-
-// run the scatter-gather iteration, also passing the configuration parameters
-Graph<Long, Double, Double> result =
-			graph.runScatterGatherIteration(
-			new VertexUpdater(), new Messenger(), maxIterations, parameters);
-
-// user-defined functions
-public static final class VertexUpdater {
-	...
-	// get the number of vertices
-	long numVertices = getNumberOfVertices();
-	...
-}
-
-public static final class Messenger {
-	...
-	// retrieve the vertex out-degree
-	outDegree = getOutDegree();
-	...
-}
-
-{% endhighlight %}
-</div>
-
-<div data-lang="scala" markdown="1">
-{% highlight scala %}
-
-val graph: Graph[Long, Double, Double] = ...
-
-// configure the iteration
-val parameters = new ScatterGatherConfiguration
-
-// set the number of vertices option to true
-parameters.setOptNumVertices(true)
-
-// set the degree option to true
-parameters.setOptDegrees(true)
-
-// run the scatter-gather iteration, also passing the configuration parameters
-val result = graph.runScatterGatherIteration(new VertexUpdater, new Messenger, maxIterations, parameters)
-
-// user-defined functions
-final class VertexUpdater {
-	...
-	// get the number of vertices
-	val numVertices = getNumberOfVertices
-	...
-}
-
-final class Messenger {
-	...
-	// retrieve the vertex out-degree
-	val outDegree = getOutDegree
-	...
-}
-
-{% endhighlight %}
-</div>
-</div>
-
-The following example illustrates the usage of the edge direction option. Vertices update their values to contain a list of all their in-neighbors.
-
-<div class="codetabs" markdown="1">
-<div data-lang="java" markdown="1">
-{% highlight java %}
-Graph<Long, HashSet<Long>, Double> graph = ...
-
-// configure the iteration
-ScatterGatherConfiguration parameters = new ScatterGatherConfiguration();
-
-// set the messaging direction
-parameters.setDirection(EdgeDirection.IN);
-
-// run the scatter-gather iteration, also passing the configuration parameters
-DataSet<Vertex<Long, HashSet<Long>>> result =
-			graph.runScatterGatherIteration(
-			new VertexUpdater(), new Messenger(), maxIterations, parameters)
-			.getVertices();
-
-// user-defined functions
-public static final class VertexUpdater {...}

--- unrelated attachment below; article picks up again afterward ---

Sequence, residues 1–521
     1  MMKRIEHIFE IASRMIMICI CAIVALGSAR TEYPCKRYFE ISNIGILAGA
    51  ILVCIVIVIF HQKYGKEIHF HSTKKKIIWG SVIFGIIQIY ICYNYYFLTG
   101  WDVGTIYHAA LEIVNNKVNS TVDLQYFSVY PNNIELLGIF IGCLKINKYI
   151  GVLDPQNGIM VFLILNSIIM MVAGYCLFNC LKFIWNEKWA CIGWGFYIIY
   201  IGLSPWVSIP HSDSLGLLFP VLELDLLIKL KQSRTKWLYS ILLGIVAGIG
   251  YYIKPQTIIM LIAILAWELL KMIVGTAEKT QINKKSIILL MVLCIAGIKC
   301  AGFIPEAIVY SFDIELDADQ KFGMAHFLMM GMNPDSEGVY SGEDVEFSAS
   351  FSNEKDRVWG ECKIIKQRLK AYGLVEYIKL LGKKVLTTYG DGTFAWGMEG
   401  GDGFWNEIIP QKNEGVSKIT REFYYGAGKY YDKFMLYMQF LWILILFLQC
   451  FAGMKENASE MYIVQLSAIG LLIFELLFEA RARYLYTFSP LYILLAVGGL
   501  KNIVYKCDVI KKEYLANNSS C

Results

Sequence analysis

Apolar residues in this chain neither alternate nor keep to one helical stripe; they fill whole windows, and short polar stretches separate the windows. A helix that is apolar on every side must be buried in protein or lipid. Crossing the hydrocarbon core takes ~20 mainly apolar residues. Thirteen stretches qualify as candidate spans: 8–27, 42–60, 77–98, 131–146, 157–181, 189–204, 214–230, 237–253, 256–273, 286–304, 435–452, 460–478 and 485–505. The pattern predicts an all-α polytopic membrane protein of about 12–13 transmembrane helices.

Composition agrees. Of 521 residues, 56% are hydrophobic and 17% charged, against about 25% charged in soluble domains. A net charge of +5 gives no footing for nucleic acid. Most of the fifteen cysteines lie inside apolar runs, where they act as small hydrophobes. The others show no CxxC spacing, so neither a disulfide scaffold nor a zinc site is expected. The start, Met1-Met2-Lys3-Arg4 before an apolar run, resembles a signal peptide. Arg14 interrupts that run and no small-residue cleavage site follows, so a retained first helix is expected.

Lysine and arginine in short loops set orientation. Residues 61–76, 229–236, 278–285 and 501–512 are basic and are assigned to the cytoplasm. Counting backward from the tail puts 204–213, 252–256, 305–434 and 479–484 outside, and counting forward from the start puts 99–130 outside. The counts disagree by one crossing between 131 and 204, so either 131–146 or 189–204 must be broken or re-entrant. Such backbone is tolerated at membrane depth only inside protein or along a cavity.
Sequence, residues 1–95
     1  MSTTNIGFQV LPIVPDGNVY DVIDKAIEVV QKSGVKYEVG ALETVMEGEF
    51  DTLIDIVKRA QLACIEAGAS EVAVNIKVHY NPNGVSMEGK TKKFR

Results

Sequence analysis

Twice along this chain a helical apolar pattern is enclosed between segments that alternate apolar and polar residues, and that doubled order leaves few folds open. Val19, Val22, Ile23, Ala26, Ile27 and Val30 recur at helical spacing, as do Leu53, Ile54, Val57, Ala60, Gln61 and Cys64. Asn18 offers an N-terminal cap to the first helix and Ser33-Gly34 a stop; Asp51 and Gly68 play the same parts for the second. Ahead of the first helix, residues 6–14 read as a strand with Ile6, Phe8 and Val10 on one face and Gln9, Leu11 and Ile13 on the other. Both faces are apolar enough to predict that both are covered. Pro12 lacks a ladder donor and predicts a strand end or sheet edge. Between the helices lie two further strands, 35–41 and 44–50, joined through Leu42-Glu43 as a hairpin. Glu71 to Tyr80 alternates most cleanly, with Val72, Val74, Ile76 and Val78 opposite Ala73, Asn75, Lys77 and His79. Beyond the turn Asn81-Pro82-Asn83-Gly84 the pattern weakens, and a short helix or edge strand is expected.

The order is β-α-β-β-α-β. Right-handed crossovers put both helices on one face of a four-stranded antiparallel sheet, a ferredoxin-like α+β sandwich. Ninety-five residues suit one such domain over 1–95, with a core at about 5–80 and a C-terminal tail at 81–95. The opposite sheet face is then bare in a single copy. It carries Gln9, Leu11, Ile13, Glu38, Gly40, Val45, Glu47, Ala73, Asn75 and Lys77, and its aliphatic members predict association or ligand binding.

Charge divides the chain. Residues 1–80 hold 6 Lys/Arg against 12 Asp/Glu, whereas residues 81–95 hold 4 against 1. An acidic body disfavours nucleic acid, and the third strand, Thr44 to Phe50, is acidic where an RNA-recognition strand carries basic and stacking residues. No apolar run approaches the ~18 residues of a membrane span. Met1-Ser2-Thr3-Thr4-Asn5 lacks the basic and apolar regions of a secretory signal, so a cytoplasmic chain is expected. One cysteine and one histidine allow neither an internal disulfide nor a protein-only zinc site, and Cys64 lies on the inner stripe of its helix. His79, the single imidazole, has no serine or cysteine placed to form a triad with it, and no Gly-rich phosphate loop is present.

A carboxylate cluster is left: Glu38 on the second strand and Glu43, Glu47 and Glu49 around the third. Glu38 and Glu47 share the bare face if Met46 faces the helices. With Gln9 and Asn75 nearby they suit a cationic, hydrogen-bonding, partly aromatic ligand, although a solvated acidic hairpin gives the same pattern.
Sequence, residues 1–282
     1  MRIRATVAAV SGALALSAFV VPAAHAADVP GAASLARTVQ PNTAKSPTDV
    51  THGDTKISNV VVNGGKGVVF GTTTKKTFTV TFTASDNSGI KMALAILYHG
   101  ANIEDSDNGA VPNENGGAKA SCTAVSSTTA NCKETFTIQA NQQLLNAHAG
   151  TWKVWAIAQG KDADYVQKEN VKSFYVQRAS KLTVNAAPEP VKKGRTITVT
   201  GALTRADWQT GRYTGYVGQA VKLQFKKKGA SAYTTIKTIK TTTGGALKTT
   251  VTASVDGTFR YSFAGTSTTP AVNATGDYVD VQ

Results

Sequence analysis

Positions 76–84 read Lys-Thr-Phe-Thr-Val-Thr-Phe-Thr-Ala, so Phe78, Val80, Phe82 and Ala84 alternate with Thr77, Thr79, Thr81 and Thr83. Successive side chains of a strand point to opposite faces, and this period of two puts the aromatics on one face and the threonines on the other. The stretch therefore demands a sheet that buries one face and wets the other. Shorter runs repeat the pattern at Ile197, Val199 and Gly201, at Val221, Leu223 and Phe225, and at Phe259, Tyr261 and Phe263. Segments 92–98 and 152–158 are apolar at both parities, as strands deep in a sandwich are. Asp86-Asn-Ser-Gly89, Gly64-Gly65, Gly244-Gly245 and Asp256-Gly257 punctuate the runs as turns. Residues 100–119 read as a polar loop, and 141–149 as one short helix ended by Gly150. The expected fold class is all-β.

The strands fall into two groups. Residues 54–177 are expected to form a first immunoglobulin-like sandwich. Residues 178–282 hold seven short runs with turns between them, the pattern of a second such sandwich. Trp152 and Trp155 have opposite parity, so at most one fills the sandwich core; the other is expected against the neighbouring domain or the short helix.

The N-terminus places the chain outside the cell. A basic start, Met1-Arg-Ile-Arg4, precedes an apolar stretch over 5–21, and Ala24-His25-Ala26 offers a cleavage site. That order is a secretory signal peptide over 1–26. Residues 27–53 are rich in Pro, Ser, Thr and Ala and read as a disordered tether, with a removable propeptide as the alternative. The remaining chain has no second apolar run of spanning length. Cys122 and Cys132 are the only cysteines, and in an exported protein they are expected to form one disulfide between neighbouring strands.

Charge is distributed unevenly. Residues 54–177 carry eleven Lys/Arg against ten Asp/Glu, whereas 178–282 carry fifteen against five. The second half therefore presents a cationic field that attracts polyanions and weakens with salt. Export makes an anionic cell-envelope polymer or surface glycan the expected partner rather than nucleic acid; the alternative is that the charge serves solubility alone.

-
-public static final class Messenger {...}
-
-{% endhighlight %}
-</div>
-
-<div data-lang="scala" markdown="1">
-{% highlight scala %}
-val graph: Graph[Long, HashSet[Long], Double] = ...
-
-// configure the iteration
-val parameters = new ScatterGatherConfiguration
-
-// set the messaging direction
-parameters.setDirection(EdgeDirection.IN)
-
-// run the scatter-gather iteration, also passing the configuration parameters
-val result = graph.runScatterGatherIteration(new VertexUpdater, new Messenger, maxIterations, parameters)
-			.getVertices
-
-// user-defined functions
-final class VertexUpdater {...}
-
-final class Messenger {...}
-
-{% endhighlight %}
-</div>
-</div>
-
-{% top %}
-
-### Gather-Sum-Apply Iterations
-Like in the scatter-gather model, Gather-Sum-Apply also proceeds in synchronized iterative steps, called supersteps. Each superstep consists of the following three phases:
-
-* <strong>Gather</strong>: a user-defined function is invoked in parallel on the edges and neighbors of each vertex, producing a partial value.
-* <strong>Sum</strong>: the partial values produced in the Gather phase are aggregated to a single value, using a user-defined reducer.
-* <strong>Apply</strong>:  each vertex value is updated by applying a function on the current value and the aggregated value produced by the Sum phase.
-
-Let us consider computing Single-Source-Shortest-Paths with GSA on the following graph and let vertex 1 be the source. During the `Gather` phase, we calculate the new candidate distances, by adding each vertex value with the edge weight. In `Sum`, the candidate distances are grouped by vertex ID and the minimum distance is chosen. In `Apply`, the newly calculated distance is compared to the current vertex value and the minimum of the two is assigned as the new value of the vertex.
-
-<p class="text-center">
-    <img alt="GSA SSSP superstep 1" width="70%" src="fig/gelly-gsa-sssp1.png"/>
-</p>
-
-<p class="text-center">
-    <img alt="GSA SSSP superstep 2" width="70%" src="fig/gelly-gsa-sssp2.png"/>
-</p>
-
-Notice that, if a vertex does not change its value during a superstep, it will not calculate candidate distance during the next superstep. The algorithm converges when no vertex changes value.
-The resulting graph after the algorithm converges is shown below.
-
-<p class="text-center">
-    <img alt="GSA SSSP result" width="70%" src="fig/gelly-gsa-sssp-result.png"/>
-</p>
-
-To implement this example in Gelly GSA, the user only needs to call the `runGatherSumApplyIteration` method on the input graph and provide the `GatherFunction`, `SumFunction` and `ApplyFunction` UDFs. Iteration synchronization, grouping, value updates and convergence are handled by the system:
-